• Increased customer engagement: An IBM study found that 60% of consumers were willing to change their shopping habits to reduce environmental impact, like companies with a commitment to sustainability. Customers show loyalty to brands with which they share values – and a commitment to CSR lets companies show how their values come to life.
  • Greater employee engagement: Employees, especially millennials, want to work for a company that stands for something. When you embrace CSR, you not only attract invested employees, but you create an environment that fosters productivity, creativity, and professional growth.
  • Better market performance: Research has shown that CSR can positively influence a company’s financial performance.

This is all great for your company, but your CSR activities can’t be successful if you don’t have a clear strategy in place. Here are some tips to get started.

Tips for building a CSR strategy

1. Believe in corporate social responsibility

The benefits to your organization are great, but if you don’t believe in CSR, then your efforts won’t be genuine, and employees and customers can see that. Don’t pursue CSR just for the sake of it. You need to believe in your organization’s purpose in society and create a strategy to achieve it.

2. Know your values, and understand how they come to life in your community

What do you stand for and believe in? As an organization, you need to be very clear on what you stand for and integrate your brand promise and values into your strategy. Some companies may start with projects like fundraising for a cause or supporting a chosen charity that clearly aligns with their values. Try incorporating environmental social governance values into your mission statement so that every employee is aware of your values on an everyday basis.

3. Localize your efforts

It’s important to consider a local focus for impactful CSR initiatives. Even if you’re a global company with a global CSR campaign, understand how your activities can have an effect in local communities. How can your offices get involved in their immediate and extended communities? This builds trust, momentum, and consistency in your overall CSR initiatives.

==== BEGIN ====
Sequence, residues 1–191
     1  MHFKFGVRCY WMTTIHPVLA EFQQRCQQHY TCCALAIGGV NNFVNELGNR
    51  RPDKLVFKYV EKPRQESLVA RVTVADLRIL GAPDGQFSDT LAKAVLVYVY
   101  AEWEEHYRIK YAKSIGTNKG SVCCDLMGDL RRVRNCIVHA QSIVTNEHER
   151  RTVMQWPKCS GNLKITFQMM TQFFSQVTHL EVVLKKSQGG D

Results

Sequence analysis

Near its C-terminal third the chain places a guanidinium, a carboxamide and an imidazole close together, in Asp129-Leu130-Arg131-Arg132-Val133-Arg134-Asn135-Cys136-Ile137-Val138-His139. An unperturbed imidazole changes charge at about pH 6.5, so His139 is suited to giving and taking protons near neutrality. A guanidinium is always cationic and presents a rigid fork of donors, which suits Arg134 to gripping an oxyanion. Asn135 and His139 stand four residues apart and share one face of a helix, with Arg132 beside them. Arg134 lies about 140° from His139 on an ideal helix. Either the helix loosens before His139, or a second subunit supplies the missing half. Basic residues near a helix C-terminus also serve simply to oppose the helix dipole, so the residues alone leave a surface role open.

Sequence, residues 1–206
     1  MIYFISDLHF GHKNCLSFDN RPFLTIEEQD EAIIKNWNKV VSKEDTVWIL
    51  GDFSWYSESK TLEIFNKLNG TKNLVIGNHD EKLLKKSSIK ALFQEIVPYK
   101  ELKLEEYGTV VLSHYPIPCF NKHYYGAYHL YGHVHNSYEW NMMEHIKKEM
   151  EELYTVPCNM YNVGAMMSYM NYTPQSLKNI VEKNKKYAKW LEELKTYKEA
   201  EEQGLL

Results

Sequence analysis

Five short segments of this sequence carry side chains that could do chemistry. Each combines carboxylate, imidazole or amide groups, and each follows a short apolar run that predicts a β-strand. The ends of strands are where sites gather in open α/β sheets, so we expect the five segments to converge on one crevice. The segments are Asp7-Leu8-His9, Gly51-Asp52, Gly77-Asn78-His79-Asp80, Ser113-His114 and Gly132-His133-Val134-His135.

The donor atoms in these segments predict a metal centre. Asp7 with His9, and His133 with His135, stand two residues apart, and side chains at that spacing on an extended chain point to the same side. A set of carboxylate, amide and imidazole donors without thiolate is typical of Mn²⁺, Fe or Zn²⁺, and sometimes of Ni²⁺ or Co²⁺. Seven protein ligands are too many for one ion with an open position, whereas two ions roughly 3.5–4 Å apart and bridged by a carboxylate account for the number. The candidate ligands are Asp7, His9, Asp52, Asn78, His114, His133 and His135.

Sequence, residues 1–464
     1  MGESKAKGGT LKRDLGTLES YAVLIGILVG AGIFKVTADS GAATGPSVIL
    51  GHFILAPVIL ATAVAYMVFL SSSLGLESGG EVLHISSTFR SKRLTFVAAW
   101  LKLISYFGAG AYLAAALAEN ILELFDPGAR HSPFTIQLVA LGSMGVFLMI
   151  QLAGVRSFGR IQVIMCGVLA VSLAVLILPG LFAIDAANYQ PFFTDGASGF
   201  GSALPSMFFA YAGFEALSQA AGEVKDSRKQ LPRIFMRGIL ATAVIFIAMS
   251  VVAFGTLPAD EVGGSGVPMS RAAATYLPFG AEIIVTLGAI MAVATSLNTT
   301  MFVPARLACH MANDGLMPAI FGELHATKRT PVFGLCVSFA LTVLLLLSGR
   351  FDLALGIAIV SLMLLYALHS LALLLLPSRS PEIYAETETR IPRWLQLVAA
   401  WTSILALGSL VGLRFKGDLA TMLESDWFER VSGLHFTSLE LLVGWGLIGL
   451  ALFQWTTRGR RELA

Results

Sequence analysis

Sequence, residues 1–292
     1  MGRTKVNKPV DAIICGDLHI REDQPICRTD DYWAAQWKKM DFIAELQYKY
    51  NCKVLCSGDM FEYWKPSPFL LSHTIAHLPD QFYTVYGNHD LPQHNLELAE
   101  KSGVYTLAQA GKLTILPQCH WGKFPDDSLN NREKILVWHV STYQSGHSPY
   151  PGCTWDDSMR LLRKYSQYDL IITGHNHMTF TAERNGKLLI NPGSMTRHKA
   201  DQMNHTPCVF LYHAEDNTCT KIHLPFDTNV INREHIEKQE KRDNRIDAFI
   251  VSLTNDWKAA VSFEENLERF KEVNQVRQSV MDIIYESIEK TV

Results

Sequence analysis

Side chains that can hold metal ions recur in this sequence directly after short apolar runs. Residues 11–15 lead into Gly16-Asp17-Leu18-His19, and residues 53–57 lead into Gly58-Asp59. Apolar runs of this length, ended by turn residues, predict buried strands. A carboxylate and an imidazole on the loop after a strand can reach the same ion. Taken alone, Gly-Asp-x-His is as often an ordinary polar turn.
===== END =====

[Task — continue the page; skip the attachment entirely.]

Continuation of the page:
4. Involvement at all levels of the organization

A CSR strategy requires executive buy-in, but you need employee involvement as well. Involving employees in the process builds motivation and a sense of autonomy, and can promote innovation. Employees are also more likely to participate in CSR activities when they have been able to direct or contribute to the strategy and activities.

5. Encourage participation

A plan doesn’t work if it’s not communicated to everyone. Let employees know early on what you’re planning and how they can get involved.

Give new CSR incentive programs a little boost. Encourage healthy competition by providing employee-chosen rewards for funds raised or volunteer hours.

6. Understand financial implications

Setting up and implementing a CSR strategy can, in some cases, mean a high initial outlay. And while it benefits organizations in a number of ways, you may still need to answer to various stakeholders, including stockholders, investors, and employees.

When you’re planning your CSR strategy, it’s key to understand and track several key metrics, such as monetary outlay, stock prices if you’re publicly traded, sales and production costs, and the return on your investment – whether it be impact on revenue, or measures like reputation, retention or employee engagement. Don’t begin a CSR program until you know the implications from all aspects of the company.

The Wall Street Journal outlined six areas that organizations can measure to determine how their social impact efforts are driving business value.

  • Brand differentiation
  • Talent attraction and retention
  • Innovation
  • Operational efficiency
  • Risk mitigation
  • Capital access and market valuation

Organizations have a strong influence in our society, and more customers are expecting them to play a positive role in how we live and purchase. Setting up a CSR strategy is not only smart, it’s expected.

Read our Environmental, Social, and Governance report to learn how Ceridian is committed to supporting a better world of work for our customers, employees, and our communities.

Deb LaMere

Deb LaMere is the Vice President of Employee Experience at Ceridian. With 17 years’ experience in human resources, Deb is responsible for employee engagement, talent management and performance management for Ceridian.